San Ysidro Crossing – Photo by the US Customs and Border Protection, taken by Mani Albrecht

In 2018, Mexico became the sixth-largest automotive producer worldwide and the country is still winding up. According to Eduardo Solís, President of AMIA, Mexico could reach fifth position by 2021. Chinese vehicle production in Mexico, the arrival of BMW and Mercedes-Benz to the country and a growing demand in the US are all factors fueling growth. This week, several automotive production milestones were reached and new investments were announced. As Honda celebrated reaching the 1 million mark in transmission production at its Celaya plant, MAN Truck & Bus added a new assembly line at its Queretaro Facility and Grupo Cuprum vowed to invest US$30 million to produce automotive aluminum components.

There are, however, some issues to be solved in terms of foreign trade and the domestic market. USMCA could become a political hostage in the US, Canada and Mexico if it is not ratified in 2019. Meanwhile, partial closings of the US-Mexico border by the US government have pushed Mexico-based auto parts producers to find new ways to deliver their components on time, including costly air transportation. On Friday, Minister of Economy Graciela Márquez Colín met with US Trade Representative Wilbur Ross to discuss several pressing trade matters.

Rev your engine, this is the week in automotive!

Solid Production Prospective

According to AMIA, Mexico is on its way to becoming the fifth-largest vehicle producer worldwide in two years.

MAN Truck & Bus added a new production line to its Queretaro assembly plant that will produce chassis for medium and long-range buses.

Transportation equipment is the most important sector for Queretaro’s exports.

Honda celebrated the production of its 1 millionth transmission at its Celaya plant.

Visteon will install a new design center in Queretaro. The company will shift its hardware engineering support operations from Chihuahua to Queretaro to centralize everything at a single venue.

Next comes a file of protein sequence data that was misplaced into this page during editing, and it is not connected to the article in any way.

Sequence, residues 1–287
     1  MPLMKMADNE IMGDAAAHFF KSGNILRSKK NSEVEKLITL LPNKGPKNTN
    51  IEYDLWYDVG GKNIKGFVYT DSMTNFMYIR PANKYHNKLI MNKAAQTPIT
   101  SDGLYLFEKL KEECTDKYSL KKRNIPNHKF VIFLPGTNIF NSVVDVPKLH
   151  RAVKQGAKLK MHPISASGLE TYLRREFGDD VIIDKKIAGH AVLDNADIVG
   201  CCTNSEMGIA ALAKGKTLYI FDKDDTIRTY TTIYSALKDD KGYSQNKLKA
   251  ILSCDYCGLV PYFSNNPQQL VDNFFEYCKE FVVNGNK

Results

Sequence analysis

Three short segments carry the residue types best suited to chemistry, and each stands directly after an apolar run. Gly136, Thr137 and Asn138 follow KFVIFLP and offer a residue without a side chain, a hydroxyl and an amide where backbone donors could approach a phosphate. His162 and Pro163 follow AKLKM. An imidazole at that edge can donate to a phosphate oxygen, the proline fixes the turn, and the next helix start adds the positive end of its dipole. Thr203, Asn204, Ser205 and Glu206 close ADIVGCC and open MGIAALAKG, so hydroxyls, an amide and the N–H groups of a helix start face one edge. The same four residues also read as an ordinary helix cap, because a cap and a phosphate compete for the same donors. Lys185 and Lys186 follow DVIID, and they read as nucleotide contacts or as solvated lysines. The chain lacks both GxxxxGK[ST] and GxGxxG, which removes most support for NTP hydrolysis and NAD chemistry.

Grupo Cuprum will invest US$30 million in 2019 to produce aluminum automotive components for the Mexican automotive industry.

Gray Skies for Automotive Trade

USMCA may not be ratified in 2019. According to Andrés Rozental, former Undersecretary for North America at Mexico’s Ministry of Foreign Affairs, the agreement could be hostage to electoral politics.

Due to partial closings at the US-Mexico border, INA and its members are considering to transport auto parts by air to prevent delayed deliveries.

On Friday, Minister of Economy Graciela Márquez Colín met with US Trade Representative Wilbur Ross to discuss USMCA, tariffs and business opportunities.

Mexico’s vehicle exports increased 1.35 percent in February 2019, which was the lowest growth rate in 29 months.

An Ever-contracting Market

The new president of Honda Mexico, Kazuhiro Takizawa, highlighted the company trusts Mexico’s vehicle market will recover.

Vehicle financing has reached 21 consecutive months of setbacks after contracting five percent in February, according to data of AMDA.

Mitsubishi, Volkswagen and Chevrolet are the brands that offer the least satisfaction to Mexican car buyers, according to JD Power.

Don’t forget to follow us on twitter at @mexautomotive and @mexautomotriz for the latest industry news.

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